Supporters of an urban park instead of an airport at the former El Toro Marine base will appeal a judge's ruling today that voided petitions with 128,000 signatures aimed at putting a park initiative before the county's voters in March.
Meanwhile, people who want an El Toro airport but with different runway alignments on Monday presented their proposed initiative language to county officials for review.
A week ago, Superior Court Judge James Gray threw out a ballot title and summary prepared by the county counsel's office for the proposed Orange County Central Park and Nature Preserve Initiative. The wording was misleading, the judge ruled, because it didn't tell voters that development could occur within the proposed park.
If unchallenged, Gray's ruling could demolish hopes by airport foes to meet a Sept. 18 deadline to place the measure on the March 2002 ballot.
County supervisors are scheduled to approve the final El Toro airport project in late September. The Navy would review that plan and make a decision by June.
Supporters of a realigned airport face the same deadline for their proposed ballot measure. Villa Park City Councilman Robert E. McGowan said his group is offering a third alternative to the county's plan and to the park initiative developed by Irvine.
To qualify for the ballot, both measures need verified signatures from 71,206 registered Orange County voters.
The process of appealing Gray's ruling could extend beyond Sept. 18. The appeal will be filed with the Fourth District Court of Appeal in Santa Ana, which this year recused itself from hearing a previous El Toro-related case. In that appeal, San Diego appellate judges will decide whether to overturn a December ruling by a Los Angeles County judge declaring last year's anti-airport effort unconstitutional.
Airport opponent Len Kranser said his group will ask the court to order a special election if the issue isn't resolved by the March ballot. To force a special election on an initiative, twice as many signatures--142,412--are needed.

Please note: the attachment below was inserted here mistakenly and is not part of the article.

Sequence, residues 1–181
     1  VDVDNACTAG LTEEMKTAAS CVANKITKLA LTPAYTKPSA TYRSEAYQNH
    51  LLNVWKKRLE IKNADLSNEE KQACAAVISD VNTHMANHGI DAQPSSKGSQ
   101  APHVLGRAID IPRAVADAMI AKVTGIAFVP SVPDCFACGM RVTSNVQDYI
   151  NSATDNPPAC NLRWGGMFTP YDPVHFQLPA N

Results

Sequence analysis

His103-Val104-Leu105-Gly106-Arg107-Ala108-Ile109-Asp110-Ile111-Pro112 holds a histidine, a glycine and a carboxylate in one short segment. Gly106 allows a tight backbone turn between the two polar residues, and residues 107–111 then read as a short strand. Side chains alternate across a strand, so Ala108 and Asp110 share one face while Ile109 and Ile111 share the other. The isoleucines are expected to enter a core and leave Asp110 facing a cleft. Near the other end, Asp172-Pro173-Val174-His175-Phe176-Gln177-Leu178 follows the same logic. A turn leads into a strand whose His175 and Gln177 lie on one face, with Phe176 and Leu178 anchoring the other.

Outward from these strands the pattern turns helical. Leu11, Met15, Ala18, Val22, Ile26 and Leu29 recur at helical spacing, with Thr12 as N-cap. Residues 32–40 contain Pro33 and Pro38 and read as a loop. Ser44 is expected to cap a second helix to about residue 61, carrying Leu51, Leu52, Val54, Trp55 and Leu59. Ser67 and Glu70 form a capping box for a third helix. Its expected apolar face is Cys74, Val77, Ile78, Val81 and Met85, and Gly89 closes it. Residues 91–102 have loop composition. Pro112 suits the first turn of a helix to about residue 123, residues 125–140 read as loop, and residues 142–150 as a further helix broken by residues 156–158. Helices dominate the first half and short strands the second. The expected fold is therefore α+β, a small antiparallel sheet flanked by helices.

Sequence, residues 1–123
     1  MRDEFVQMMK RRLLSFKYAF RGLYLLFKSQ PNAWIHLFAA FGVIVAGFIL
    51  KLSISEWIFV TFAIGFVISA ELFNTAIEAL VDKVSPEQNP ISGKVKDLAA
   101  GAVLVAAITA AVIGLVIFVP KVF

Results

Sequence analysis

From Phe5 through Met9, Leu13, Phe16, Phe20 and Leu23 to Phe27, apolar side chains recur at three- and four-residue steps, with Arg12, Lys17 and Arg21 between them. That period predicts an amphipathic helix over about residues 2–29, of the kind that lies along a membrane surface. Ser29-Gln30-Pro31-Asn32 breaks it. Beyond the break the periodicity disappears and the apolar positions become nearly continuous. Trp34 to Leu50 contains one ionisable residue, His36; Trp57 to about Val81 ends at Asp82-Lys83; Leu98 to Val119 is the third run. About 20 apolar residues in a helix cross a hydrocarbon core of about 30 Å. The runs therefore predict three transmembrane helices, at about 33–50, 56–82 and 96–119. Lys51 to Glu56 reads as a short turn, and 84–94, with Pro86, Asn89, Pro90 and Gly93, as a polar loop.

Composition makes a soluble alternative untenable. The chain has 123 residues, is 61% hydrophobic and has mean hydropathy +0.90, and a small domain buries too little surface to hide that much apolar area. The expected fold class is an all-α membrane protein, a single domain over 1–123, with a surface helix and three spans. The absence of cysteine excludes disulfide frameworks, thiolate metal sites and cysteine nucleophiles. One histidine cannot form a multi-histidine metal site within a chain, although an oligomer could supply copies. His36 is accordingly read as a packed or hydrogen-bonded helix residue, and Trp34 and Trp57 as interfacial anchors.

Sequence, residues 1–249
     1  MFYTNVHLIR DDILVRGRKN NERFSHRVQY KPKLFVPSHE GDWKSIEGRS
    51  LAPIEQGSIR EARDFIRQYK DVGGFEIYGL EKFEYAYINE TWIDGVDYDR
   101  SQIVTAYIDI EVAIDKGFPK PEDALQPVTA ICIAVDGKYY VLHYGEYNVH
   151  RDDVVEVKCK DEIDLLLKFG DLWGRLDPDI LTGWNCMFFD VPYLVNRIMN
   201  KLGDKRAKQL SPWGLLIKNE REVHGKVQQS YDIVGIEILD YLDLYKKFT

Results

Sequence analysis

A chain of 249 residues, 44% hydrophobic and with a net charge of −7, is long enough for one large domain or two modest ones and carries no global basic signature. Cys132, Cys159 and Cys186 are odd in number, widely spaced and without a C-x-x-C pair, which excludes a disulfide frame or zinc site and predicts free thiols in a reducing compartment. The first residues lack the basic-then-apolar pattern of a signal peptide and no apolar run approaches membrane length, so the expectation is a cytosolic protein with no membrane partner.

"We're nearly there," Kranser said.
The new proposal to realign proposed runways, dubbed the Reasonable Airport Alternative, is starting late to collect signatures. Without enough money for paid circulators, the group is relying on volunteers. If proponents don't qualify for the March ballot, they will try for November's, McGowan said.
Meanwhile, airport foes on Monday also questioned whether Judge Gray should have disclosed that he once considered hiring a political consulting firm co-owned by pro-airport consultant and campaign architect David Ellis.
Ellis and his former partner, Scott Hart, said Gray met with Hart to discuss hiring the firm in 1998. The judge ultimately chose a different firm to manage his unsuccessful Republican congressional bid. A review of Gray's 1998 campaign reports show no payments to Ellis or Hart.
Gray did receive a $250 contribution for his race from developer George Argyros, the airport's leading benefactor. State law allows contributions to judges of up to $250.
The canon of judicial ethics states that judges in trial proceedings "shall disclose on the record information that the judge believes the parties or their lawyers might consider relevant to the question of disqualification, even if the judge believes there is no actual basis for disqualification."
Gray at first declined to comment because technically the case is still before him. But when told the allegations involved his possible relationship with Ellis, Gray said, "Who's that?"
Robert Pugsley, a professor at Southwestern University School of Law, said judges have discretion to disclose relationships if they believe those relationships might raise an appearance of impropriety later.
"The better course is always to recuse yourself," Pugsley said. "These questions always put a certain cloud over the integrity of the decision."
Attorney Rob Thornton, representing park proponents, said Gray's possible relationship won't be raised as an issue in the appeal. He said he'll ask the court to vacate Gray's order on several grounds, including using an incorrect legal standard to determine the adequacy of the ballot title and summary.
Thornton said the county's general plan already includes wording that allows development to occur in certain open-space areas. The initiative, he said, calls for such uses as museums, housing for universities and "park-compatible" uses, as well as adding language to keep the open-space zones from being developed in other ways.